It’s not often you get to see two of the Cunard Line’s great passenger ships in port at the same time. It’s particularly significant in Halifax, where Samuel Cunard founded the company. Last week crowds lined the shores in brilliant late afternoon sunshine to watch the spectacle of Queen Elizabeth 3 and Queen Mary 2 leave their berths, steam in line up the Dartmouth side of the harbour, then turn seaward along the Halifax piers; Queen Elizabeth bound for St. John’s and Queen Mary for New York. Surely a more stately sight than Britannia, Cunard’s first tiny hybrid paddlewheel steamer with its full suit of sails furled away as backup, chuntering seaward along the same course 180 years ago.
I have a special fondness for Queen Mary 2, having immigrated to Canada (via New York) aboard her predecessor, back in the day when crossing the Atlantic by air was still a new but unaffordable luxury to us common folk. Dad had gone ahead to find a job, then Mum and I followed.
Whatever inspired me to join the Navy later in life, it certainly wasn’t that first exposure to life at sea as a kid. January isn’t a great choice for a trans-Atlantic passage, even at the best of times. By the mid-point of our five day voyage I was avoiding our tiny, shared six-bunk cabin and spending most of the time sheltering on a covered deck open to the stern, tucked into a deckchair beside my mother, and swaddled under a blanket while watching the horizon pitch and roll in time with a thoroughly emptied stomach. Approaching the Grand Banks of Newfoundland we were experiencing what the ship’s log described in endearingly British understatement as a “whole gale” and “rough sea”. Translated into landlubber terms, that means an endless procession of heaving, grey mountains of seawater, streaked with windblown spindrift, as if exquisitely designed to cause misery and make a person feel very, very small. The experience did, however, leave me with a lifetime appreciation for the nourishing warmth of beef tea, the stomach-settling properties of Canada Dry Ginger Ale, and a fond memory of the kindly steward who took me under his wing until we disembarked safely in New York, where he left me with a much-treasured souvenir postcard signed “To my First Mate on Deck”. Happily, in later life I came to revel in the power of a storm at sea, feel exhilarated at the resilience of a well-found vessel, and be grateful for the occasional glass of Canada Dry (no other brand will do).
My parents and I had joined a steady stream of people seeking a better life in the aftermath of a war that had reduced vast swathes of the “Old World” into what the current leader of the world’s richest but increasingly flawed democracy might dismiss as “shitholes”. On this side of our shared border it’s worrying to hear vocal fellow Canadians echoing equally simplistic, ill-informed anti-migrant attitudes. I know it doesn’t pay to generalize, but when I got my first job, working in a factory making freezers, I was struck by the fact that the foremen and most productive workers were all immigrants, grateful for the opportunity, while many of those born here did the minimum while grumbling about “foreigners” getting the best jobs. But then who knows, perhaps like our cousins to the south, we migrants to Canada might one day be encouraged by a popularly elected head of government to go back where we came from. If so, I’d like to go by sea.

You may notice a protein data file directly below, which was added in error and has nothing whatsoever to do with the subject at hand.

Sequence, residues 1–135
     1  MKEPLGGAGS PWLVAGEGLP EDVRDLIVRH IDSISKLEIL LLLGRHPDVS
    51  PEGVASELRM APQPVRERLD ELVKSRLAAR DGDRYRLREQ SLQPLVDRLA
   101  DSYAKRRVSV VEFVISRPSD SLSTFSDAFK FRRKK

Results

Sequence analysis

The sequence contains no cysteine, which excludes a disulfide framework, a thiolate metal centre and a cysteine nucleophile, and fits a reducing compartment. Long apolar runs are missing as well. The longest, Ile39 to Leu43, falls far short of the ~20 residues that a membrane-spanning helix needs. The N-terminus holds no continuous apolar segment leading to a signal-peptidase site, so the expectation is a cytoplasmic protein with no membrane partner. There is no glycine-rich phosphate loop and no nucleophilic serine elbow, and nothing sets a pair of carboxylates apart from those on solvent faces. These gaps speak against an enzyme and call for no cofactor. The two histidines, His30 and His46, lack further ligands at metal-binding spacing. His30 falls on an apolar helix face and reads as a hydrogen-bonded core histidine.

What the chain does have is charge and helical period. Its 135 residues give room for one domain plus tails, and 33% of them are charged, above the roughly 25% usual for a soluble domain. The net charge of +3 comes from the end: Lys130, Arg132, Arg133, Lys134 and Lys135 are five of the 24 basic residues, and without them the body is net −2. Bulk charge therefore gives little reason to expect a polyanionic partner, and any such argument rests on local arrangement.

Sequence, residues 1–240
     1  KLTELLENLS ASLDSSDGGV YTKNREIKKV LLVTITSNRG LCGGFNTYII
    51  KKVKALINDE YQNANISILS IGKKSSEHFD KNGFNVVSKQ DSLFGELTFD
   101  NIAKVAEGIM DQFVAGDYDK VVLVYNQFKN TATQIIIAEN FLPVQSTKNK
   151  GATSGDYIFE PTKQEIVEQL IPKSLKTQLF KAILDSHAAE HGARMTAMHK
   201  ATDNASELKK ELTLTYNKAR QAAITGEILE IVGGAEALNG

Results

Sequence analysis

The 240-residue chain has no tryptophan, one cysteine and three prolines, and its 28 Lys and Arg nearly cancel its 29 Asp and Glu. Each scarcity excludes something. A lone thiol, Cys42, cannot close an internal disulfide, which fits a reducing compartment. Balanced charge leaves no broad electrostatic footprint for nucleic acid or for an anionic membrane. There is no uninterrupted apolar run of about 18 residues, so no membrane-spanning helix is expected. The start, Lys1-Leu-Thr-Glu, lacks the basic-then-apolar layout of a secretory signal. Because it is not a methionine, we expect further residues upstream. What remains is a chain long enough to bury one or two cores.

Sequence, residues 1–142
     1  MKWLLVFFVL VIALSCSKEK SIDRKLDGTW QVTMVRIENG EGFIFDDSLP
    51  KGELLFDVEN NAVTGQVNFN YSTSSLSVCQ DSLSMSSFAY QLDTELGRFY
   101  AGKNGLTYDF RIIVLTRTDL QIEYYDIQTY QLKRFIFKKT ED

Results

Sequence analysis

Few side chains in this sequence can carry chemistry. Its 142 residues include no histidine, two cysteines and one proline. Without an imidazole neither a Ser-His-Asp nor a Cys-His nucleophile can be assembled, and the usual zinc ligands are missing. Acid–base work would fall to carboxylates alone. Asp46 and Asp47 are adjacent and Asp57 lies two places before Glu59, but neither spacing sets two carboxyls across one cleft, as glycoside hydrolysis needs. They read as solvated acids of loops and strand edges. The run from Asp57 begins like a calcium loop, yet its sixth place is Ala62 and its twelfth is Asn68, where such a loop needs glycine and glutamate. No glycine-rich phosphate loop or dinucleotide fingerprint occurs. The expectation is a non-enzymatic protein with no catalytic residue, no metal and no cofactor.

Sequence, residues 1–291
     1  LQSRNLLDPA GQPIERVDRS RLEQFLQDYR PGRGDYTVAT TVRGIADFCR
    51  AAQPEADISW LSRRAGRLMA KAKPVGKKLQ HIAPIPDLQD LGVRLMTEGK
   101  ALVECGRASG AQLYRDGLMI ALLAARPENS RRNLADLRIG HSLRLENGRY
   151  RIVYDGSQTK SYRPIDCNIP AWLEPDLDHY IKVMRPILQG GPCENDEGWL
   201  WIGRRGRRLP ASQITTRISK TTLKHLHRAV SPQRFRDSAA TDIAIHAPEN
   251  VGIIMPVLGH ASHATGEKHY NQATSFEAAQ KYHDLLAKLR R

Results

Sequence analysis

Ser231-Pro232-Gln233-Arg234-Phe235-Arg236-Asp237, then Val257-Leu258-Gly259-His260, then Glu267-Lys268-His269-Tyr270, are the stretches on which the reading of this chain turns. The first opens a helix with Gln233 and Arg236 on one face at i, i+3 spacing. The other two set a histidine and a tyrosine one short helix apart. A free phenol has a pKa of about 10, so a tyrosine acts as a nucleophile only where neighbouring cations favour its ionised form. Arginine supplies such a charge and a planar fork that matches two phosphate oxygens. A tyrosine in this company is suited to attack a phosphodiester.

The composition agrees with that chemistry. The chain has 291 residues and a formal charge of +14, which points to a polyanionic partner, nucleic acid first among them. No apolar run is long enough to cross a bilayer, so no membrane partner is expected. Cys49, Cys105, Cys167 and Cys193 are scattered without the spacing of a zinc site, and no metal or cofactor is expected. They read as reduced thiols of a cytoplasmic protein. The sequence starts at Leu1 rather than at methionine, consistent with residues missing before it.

Of course the worst of the anti-migration rhetoric is just patent nonsense, especially coming, as it usually does, from people with “white” skin, all of whom – without exception – are descended from migrants of one sort or another. And I’ll bet none of those took a test for indigenous values, learned or adopted the native language, blended into the culture of whichever First Nation they settled, or kept their religious symbols out of sight. Indeed, even today, a few pious female descendants of migrants still appear in public wearing chador-like outfits (the nuns call them “habits”). The inconsistency and hypocrisy of such “white” anti-immigrationism is astounding.
Without question, managing immigration and refugees is a difficult challenge in a complex world, but it’s not going to be made any simpler by the confrontational and thinly disguised prejudice of “us versus them”. If nations can be said to share common values, then one that has made Canada great already is moderation. Keeping Canada great requires us to demand that politics and policies on such matters be based on fact, logic and, above all, fair mindedness.